With Whitsuntide approaching, thought I’d share what I’ve been exploring regarding the events of Whitsunday 1426, the 19th of May that year, that took place in the city of Leicester, in the Church of St Mary de Castro. Parliament was convened that year at Leicester Castle, and the Regent to young King Henry VI, John Duke of Bedford, took advantage of the event to stage a spectacle in the church in the castle close on the holiday that celebrates the birth of the Christian Church, and the anointing of the Disciples to a plane above mortal men. Some 34 nobles and notables were formally summoned to the occasion. A list of the invitations was transcribed by Rymer in 1732; most of the names were followed by a second name, as the honorees were largely children, like the king, and were invited “Charlie and the Chocolate Factory”-style, with a single parent or guardian. Most of the guardians seem to be women, as it also seems that many of these chosen children, like the king, were fatherless boys.
The ceremony began with the Duke of Bedford himself drawing a sword and bestowing knighthood on the four-year-old king. So dubbed, the king took up the sword (as best he could, I suppose) and knighted each of the boys and young men in turn. The message seemed to be, though the king was just a toddler, he represented a fresh start, and these young men would grow up with him, to shape the future of England as the middle of the century approached. I doubt any in attendance that day could have imagined the horror show that awaited these boys, or the roles that many of them and their offspring would have to play in it.
The first knight dubbed by the four-year-old king that Whitsunday, and thus the first knight he dubbed in his life, was the fourteen-year-old Richard Plantagenet. He came first by precedence of title, but only because just before the ceremony the letters patent had been conferred for his restoration in blood (following his father’s attainder and death) and creation as Duke of York. In a very real sense, what we know as the House of York was born that Sunday in Leicester, at the Church of St Mary de Castro.
The young Duke of York was accompanied by his guardian, Joan Beaufort, Countess of Westmorland, who would exercise her right to marry him to her daughter Cecily, mother of Edward IV and Richard III. She also had two of her own children in tow to be knighted, nineteen-year-old George Neville, the future Lord Latimer, and William Neville, twenty-one years old and already Lord Fauconberg in right of his wife. His illegitimate son would achieve particular fame in the coming conflict as the Bastard of Fauconberg, who attacked London itself on behalf of the Kingmaker and Henry VI, without knowing that the Battle of Tewkesbury had already brought an end to the Lancastrian cause.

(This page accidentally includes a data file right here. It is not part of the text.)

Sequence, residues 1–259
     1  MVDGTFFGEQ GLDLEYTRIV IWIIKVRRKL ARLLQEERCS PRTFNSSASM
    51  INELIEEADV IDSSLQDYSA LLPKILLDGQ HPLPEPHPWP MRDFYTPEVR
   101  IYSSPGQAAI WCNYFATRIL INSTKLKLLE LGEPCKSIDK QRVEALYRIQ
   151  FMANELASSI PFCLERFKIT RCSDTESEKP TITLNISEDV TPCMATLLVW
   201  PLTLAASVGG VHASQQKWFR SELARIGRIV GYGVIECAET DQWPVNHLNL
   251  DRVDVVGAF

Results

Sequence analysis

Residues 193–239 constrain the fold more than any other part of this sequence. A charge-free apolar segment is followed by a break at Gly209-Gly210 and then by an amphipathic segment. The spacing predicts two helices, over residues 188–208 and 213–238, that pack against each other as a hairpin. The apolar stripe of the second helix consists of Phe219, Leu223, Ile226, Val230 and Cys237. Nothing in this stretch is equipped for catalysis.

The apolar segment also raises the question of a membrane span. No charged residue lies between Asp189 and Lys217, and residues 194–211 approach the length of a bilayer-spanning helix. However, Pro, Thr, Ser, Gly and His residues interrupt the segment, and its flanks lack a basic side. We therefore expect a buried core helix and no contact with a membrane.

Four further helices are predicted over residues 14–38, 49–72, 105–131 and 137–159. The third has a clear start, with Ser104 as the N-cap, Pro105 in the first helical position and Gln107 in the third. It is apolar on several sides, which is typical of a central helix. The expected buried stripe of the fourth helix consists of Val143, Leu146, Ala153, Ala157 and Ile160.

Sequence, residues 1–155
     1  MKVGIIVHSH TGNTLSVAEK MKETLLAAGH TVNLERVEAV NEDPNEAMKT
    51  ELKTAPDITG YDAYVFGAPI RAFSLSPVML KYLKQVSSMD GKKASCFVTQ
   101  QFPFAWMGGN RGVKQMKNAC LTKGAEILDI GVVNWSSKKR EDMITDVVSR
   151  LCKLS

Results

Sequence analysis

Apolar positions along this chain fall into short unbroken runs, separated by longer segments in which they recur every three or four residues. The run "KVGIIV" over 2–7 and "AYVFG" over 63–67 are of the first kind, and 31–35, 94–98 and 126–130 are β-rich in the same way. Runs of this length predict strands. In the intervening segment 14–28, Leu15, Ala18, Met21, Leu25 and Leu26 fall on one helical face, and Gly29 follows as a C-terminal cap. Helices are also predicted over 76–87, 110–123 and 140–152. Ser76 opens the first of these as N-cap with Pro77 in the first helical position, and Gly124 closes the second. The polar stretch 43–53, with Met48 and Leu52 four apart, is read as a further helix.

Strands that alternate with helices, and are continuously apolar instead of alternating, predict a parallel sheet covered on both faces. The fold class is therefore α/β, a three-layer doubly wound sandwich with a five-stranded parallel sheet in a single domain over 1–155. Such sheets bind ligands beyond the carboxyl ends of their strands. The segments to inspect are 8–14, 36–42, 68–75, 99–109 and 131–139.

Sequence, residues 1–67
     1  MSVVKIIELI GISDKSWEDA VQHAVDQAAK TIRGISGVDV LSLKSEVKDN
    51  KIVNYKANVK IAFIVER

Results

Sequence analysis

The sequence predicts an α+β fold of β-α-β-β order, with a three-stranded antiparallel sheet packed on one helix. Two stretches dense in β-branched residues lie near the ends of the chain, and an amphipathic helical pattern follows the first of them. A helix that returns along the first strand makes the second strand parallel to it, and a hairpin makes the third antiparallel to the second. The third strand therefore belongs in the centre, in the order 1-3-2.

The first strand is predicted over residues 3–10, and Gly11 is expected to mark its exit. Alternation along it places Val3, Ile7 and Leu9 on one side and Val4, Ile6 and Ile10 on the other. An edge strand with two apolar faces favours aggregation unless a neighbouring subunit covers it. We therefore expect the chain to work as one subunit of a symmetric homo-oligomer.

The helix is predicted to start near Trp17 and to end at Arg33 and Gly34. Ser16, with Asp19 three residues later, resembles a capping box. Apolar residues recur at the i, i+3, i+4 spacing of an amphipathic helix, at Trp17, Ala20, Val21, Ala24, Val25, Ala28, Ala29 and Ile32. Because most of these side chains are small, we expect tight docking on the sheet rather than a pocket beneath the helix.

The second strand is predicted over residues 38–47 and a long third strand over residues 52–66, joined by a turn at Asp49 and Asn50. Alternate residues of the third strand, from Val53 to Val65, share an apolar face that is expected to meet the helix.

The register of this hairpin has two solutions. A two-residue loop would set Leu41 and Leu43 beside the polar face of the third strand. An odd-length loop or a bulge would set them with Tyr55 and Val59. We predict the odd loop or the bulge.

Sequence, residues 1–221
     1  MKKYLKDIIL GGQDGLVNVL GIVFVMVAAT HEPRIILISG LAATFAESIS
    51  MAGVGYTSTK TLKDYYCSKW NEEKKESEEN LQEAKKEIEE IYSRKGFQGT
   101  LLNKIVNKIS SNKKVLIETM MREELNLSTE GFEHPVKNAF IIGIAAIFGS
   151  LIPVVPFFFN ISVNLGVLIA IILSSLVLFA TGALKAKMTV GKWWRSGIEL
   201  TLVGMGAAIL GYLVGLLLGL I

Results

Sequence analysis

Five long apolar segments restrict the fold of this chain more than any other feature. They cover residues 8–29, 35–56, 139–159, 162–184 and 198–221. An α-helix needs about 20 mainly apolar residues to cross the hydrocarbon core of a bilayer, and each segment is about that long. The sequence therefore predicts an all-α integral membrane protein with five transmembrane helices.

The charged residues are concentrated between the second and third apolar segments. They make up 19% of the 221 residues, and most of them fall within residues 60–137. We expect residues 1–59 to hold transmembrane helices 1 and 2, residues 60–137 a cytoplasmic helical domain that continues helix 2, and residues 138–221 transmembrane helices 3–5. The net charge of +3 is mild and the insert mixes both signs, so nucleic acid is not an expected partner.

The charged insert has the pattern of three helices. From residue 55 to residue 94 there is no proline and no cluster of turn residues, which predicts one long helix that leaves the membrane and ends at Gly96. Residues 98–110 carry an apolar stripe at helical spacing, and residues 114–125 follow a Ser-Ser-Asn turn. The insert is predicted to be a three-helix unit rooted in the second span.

The next in line to be knighted after the Duke of York was John de Mowbray, ten-year-old son and heir to the Duke of Norfolk. He would be on the side of York from the very beginning of the Wars of the Roses. At least until defecting to Henry VI in 1459. He would change his allegiance back to York, though, in time for his army to join the Yorkist right flank at Towton. Mowbray’s entry into the fray at midday at Towton turned the battle against the Lancastrians, and ended the life of Henry Percy, 3rd Earl of Northumberland. On Whitsunday in 1426, though, Percy, at four years of age, was knighted shortly after the ten-year-old Mowbray. He was presented by his proud father, who was to be killed at St Albans.
Two sons of the Earl of Ormond were knighted that day, six-year-old James Butler, and his younger brother, John. They were presented by their grandmother, Joan Beauchamp, Lady Bergavenny, probably the most powerful magnate in the vicinity. I suspect some of the attendees may have stayed at her manor at Ashby-de-la-Zouch, 17 miles from Leicester, before the ceremony. James was to take on the earldoms of both Ormond and Wiltshire, and achieve a special place in history, as the most notorious coward of the Wars of the Roses. He was a lover, not a fighter; a favourite of Margaret of Anjou, Paul Murray Kendall notes him as one of those rumored at court to be the true father of Edward of Westminster, Prince of Wales. It was said of Wiltshire that he fought “mainly with the heels,” having fled the field at nearly every major battle of the conflict, on at least one occasion disguised as a monk. His last flight was from Towton (where perhaps he noted many more men this time running in the same direction). He was captured and beheaded. His brother John was knighted that same Whitsunday, but had a very different fate. After Towton, Edward IV reversed his attainder, and granted him the Ormond earldom, declaring, “that if good breeding and liberal qualities were lost in the world, they might be all found in the Earl of Ormond.”